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What Are the Wyoming DUI Laws?

In Wyoming, it's against the law to drive or have control of a vehicle while under the influence of a controlled substance or alcohol. A conviction under Wyoming's driving under the influence (DUI) law can result in a suspended driver's license, fines, imprisonment, a substance abuse assessment, and the installation of an ignition interlock device on the defendant's car.

BAC Limits

A person who has an alcohol concentration of 0.08% or more within two hours of the time of driving or being in physical control of a car is presumed to have been under the influence. If a person has a blood alcohol level of more than 0.05% and less than 0.08%, there is no presumption the person was or was not under the influence. Finally, if a person has an alcohol concentration of 0.05% or less, the presumption is that the person was not under the influence. It is important to note that these limits apply to adults 21 and over. Wyoming has a zero tolerance policy for persons under the legal drinking age, meaning that a blood alcohol level of 0.02% or more will result in a violation of Wyoming's DUI laws.

Penalties and Sentencing

The penalties and sentencing for a DUI conviction vary depending on if it is the first offense, or if there are previous convictions. Even a first offense will result in the defendant's driver's license being suspended or revoked. A person convicted of a DUI as a first offense is guilty of a misdemeanor, and as such, can be imprisoned up to six months and/or fined up to $750.

A second DUI conviction with 10 years will result in a minimum prison sentence of 7 days and a maximum of six months, and will be fined a minimum of $200 and a maximum of $750. A third conviction will result in a prison term of at least thirty days and at most six months, and a fine of at least $750 and up to $3,000. Finally, four or more convictions within a ten-year period is a felony and carries be a prison term of up to seven years and/or fines of up to $10,000.

Ignition Interlock Device

An ignition interlock device (IID) screens the alcohol in a person's breath, and prevents a car from starting if it detects an alcohol concentration over an established limit. The device also keeps track of any instances in which the car did not start because the alcohol concentration was over the limit. The duration that an IID is required to be on a person's car depends on how many times the person has been convicted of a DUI.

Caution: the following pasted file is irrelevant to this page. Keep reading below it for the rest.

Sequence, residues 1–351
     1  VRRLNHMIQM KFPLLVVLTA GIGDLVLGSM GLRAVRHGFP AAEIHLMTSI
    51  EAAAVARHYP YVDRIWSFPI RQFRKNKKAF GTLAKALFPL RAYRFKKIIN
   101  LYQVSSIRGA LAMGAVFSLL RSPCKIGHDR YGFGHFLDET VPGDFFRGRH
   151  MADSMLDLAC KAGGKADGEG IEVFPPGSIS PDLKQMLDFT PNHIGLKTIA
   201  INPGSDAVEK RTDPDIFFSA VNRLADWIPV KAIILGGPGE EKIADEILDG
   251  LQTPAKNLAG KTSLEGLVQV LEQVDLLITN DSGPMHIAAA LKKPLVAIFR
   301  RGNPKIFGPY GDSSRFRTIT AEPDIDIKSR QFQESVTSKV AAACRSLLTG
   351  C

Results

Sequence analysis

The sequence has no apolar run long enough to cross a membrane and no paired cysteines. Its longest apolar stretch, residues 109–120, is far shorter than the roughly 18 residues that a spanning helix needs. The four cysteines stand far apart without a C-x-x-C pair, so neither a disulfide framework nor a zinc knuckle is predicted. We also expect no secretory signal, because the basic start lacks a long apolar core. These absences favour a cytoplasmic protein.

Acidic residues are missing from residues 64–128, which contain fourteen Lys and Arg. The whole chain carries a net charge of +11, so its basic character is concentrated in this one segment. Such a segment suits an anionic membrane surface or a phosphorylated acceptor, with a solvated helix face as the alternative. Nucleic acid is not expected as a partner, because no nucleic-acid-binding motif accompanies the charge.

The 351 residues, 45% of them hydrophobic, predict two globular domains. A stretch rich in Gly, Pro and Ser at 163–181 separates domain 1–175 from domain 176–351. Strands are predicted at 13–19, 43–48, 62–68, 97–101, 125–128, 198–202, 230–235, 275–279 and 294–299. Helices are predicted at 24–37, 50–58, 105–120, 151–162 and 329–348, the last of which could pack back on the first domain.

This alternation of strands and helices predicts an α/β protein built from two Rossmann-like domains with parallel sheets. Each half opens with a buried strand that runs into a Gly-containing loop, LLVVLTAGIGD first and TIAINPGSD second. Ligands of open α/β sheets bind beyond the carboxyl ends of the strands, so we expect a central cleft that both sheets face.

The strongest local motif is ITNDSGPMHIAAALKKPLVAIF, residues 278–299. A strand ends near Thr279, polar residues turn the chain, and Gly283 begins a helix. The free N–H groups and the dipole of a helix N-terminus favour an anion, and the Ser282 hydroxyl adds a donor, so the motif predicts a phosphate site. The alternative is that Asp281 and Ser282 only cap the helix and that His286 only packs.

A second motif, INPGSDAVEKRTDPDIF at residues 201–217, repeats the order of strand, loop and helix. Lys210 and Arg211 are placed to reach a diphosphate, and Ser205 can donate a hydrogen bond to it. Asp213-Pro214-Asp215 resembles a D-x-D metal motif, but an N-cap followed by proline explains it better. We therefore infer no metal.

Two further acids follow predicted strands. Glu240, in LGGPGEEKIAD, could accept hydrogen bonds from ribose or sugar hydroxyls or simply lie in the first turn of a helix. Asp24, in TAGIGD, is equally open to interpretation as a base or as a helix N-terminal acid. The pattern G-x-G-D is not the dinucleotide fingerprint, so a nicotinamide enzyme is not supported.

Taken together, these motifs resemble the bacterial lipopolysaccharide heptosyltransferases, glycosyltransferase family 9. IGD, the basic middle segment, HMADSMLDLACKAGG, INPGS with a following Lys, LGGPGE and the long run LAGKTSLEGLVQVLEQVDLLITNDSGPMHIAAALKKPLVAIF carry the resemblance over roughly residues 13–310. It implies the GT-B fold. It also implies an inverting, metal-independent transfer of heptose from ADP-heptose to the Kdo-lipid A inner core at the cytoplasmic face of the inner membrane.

A first conviction will result in the installation of an IID for six months if the defendant's blood alcohol level was 0.15% or more. A second conviction results in an IID for one year, while a third conviction results in an IID for two years. If a person is convicted four or more times, an IID will be required for the remainder of the defendant's life. In that case, the defendant can apply to the court for removal of the IID five years after conviction, and every five years after that.

Implied Consent

Any individual who drives or is in actual physical control of a car on a public street or highway in Wyoming gives implied consent to submit to a chemical test under certain circumstances. If an individual is arrested for an offense that falls under the driving while intoxicated statute, he or she will be given a chemical test as promptly as possible after the arrest. In order to administer the test, the peace officer must have probable cause that the driver is under the influence, and it must be incident to a lawful arrest.

If a person refuses to submit to a chemical test, the chemical test can only be given if the driver caused serious bodily injury or death, or upon the issuance of a search warrant. If a person is unconscious, dead, or in a condition rendering him or her unable to cooperate with a chemical test, his or her consent is implied, as previously stated.

Getting Legal Help

If you or someone close to you is facing a DUI charge in Wyoming, it's in your best interest to contact a DUI lawyer in your area.

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  • Complex DUI situations usually require a lawyer
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